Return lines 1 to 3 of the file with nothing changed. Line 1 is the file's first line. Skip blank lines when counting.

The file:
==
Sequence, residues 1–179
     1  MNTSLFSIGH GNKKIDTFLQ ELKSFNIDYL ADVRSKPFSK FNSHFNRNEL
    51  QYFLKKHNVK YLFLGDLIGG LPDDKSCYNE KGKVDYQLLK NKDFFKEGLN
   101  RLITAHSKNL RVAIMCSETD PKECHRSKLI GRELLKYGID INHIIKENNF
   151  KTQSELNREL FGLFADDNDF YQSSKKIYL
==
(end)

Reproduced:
Sequence, residues 1–179
     1  MNTSLFSIGH GNKKIDTFLQ ELKSFNIDYL ADVRSKPFSK FNSHFNRNEL
    51  QYFLKKHNVK YLFLGDLIGG LPDDKSCYNE KGKVDYQLLK NKDFFKEGLN